Capetown’s “Day Zero” is a Glimpse of an Altered Earth

February 2, 2018


New York Times:

CAPE TOWN — It sounds like a Hollywood blockbuster. “Day Zero” is coming to Cape Town this April. Everyone, be warned.

The government cautions that the Day Zero threat will surpass anything a major city has faced since World War II or the Sept. 11 attacks. Talks are underway with South Africa’s police because “normal policing will be entirely inadequate.” Residents, their nerves increasingly frayed, speak in whispers of impending chaos.

The reason for the alarm is simple: The city’s water supply is dangerously close to running dry.

If water levels keep falling, Cape Town will declare Day Zero in less than three months. Taps in homes and businesses will be turned off until the rains come. The city’s four million residents will have to line up for water rations at 200 collection points. The city is bracing for the impact on public health and social order.

“When Day Zero comes, they’ll have to call in the army,” said Phaldie Ranqueste, who was filling his white S.U.V. with big containers of water at a natural spring where people waited in a long, anxious line.

It wasn’t supposed to turn out this way for Cape Town. This city is known for its strong environmental policies, including its careful management of water in an increasingly dry corner of the world.

But after a three-year drought, considered the worst in over a century, South African officials say Cape Town is now at serious risk of becoming one of the few major cities in the world to lose piped water to homes and most businesses.

Hospitals, schools and other vital institutions will still get water, officials say, but the scale of the shut-off will be severe.

Cape Town’s problems embody one of the big dangers of climate change: the growing risk of powerful, recurrent droughts. In Africa, a continent particularly vulnerable to the effects of climate change, those problems serve as a potent warning to other governments, which typically don’t have this city’s resources and have done little to adapt.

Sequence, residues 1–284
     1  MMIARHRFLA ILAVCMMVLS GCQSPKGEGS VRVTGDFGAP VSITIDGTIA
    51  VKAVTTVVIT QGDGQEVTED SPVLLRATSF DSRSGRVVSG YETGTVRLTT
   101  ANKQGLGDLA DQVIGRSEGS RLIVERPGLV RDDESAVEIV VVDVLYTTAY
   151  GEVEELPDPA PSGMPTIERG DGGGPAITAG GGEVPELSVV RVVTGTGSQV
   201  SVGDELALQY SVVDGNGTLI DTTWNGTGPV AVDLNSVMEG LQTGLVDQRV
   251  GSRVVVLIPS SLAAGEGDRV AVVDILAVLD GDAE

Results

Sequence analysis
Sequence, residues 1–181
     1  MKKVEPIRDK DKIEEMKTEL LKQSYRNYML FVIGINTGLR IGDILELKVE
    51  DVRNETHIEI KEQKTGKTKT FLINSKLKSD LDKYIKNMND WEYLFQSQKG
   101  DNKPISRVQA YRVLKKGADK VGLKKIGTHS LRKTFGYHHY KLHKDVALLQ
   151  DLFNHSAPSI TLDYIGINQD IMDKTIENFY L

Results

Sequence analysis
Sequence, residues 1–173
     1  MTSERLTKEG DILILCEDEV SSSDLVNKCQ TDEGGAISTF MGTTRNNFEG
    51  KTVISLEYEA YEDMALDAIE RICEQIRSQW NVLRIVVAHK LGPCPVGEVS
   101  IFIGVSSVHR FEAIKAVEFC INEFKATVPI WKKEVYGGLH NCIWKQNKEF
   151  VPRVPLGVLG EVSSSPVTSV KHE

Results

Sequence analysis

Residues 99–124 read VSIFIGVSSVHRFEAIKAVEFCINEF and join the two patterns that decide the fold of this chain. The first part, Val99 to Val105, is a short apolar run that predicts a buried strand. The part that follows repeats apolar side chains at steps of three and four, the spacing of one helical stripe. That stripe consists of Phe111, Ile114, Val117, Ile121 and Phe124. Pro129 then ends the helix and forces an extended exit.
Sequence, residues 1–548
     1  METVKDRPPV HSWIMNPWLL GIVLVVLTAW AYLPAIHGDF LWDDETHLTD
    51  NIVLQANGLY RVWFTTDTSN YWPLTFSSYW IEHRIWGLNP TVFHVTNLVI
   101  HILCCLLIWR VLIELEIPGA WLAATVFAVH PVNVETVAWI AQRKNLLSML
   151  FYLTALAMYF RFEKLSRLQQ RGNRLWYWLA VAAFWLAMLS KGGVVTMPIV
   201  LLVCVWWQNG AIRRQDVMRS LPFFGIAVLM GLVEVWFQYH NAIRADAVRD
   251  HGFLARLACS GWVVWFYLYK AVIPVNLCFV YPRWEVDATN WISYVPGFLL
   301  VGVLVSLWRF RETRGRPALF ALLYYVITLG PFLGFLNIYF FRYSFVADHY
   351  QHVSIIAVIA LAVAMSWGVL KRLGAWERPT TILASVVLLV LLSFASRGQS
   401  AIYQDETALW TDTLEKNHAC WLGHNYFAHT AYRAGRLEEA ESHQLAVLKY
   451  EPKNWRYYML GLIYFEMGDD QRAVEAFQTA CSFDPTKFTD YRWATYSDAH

For now, political leaders here talk of coming together to “defeat Day Zero.” As water levels in the dams supplying the city continue to drop, the city is scrambling to finish desalination plants and increase groundwater production. Starting in February, residents will face harsher fines if they exceed their new daily limit, which will go down to 50 liters (13.2 gallons) a day per person from 87 liters now.

The Verge:

Cape Town’s water shortage isn’t just because of climate change — although that certainly could be making the drought worse, experts say. Poor management of the city’s water system, which relies almost entirely on rainfall, also contributed to the growing crisis. But as fossil fuel emissions continue to drive up global temperatures, drought risk is expected rise in places like southwestern Africa and California. The recent five-year drought in California also depleted reservoirs and led to official bans on wasteful water use.

Cape Town relies on six main reservoirs for its drinking water; together these reservoirs can store 230 billion gallons (about 870,000 megaliters) of water. After back-to-back years of severe drought, these reservoirs hold just 26 percent of that total — a level that is likely to continue dropping until the rainy season starts in May. The time lapse, captured by the Landsat-8 satellite and published by NASA’s Earth Observatory, shows Cape Town’s largest reservoir, Theewaterskloof Dam, drying to just 13 percent capacity.

Residents have been urged to limit their water use, and today, Cape Town officials issued even more stringent restrictions, limiting each person to just 13 gallons (50 liters) of water per day. (For scale, the average person in the US uses 80 to 100 gallons, roughly 300–380 liters, of water daily.) Water guzzlers who go over that limit might have to pay for a device that limits the water that comes out their taps, and could also be on the hook for fines of up to about $850.

NASA Earth Observatory:

The animated image at the top of the page shows how dramatically Theewaterskloof has been depleted between January 2014 and January 2018. The extent of the reservoir is shown with blue; non-water areas have been masked with gray in order to make it easier to distinguish how the reservoir has changed. Theewaterskloof was near full capacity in 2014. During the preceding year, the weather station at Cape Town airport tallied 682 millimeters (27 inches) of rain (515 mm is normal), making it one of the wettest years in decades. However, rains faltered in 2015, with just 325 mm falling. The next year, with 221 mm, was even worse. In 2017, the station recorded just 157 mm of rain.


2 Responses to “Capetown’s “Day Zero” is a Glimpse of an Altered Earth”

  1. dumboldguy Says:

    ZZZZZzzzzzz…….move on folks, nothing to see here. EXCEPT……..!!!!

    This is BIG news! Capetown may be the first major city on the planet to run dry, and how well they fight it may be a clue to how well the rest of the world will deal with it when the SHTF. Right now, they want to drill wells (that’s working so well in CA) and build desalination plants (which will be powered by fossil fuel generated electricity.of course)—–all just more kick the can down the road.

    In other news, the CA snow pack is way down, as is the snow pack in much of the central and southern Rockies. So, some are now talking about cloud seeding in the Colorado River basin. That will be the beginning of the second great climate experiment—-geoengineering to overcome the burning of fossil fuels.

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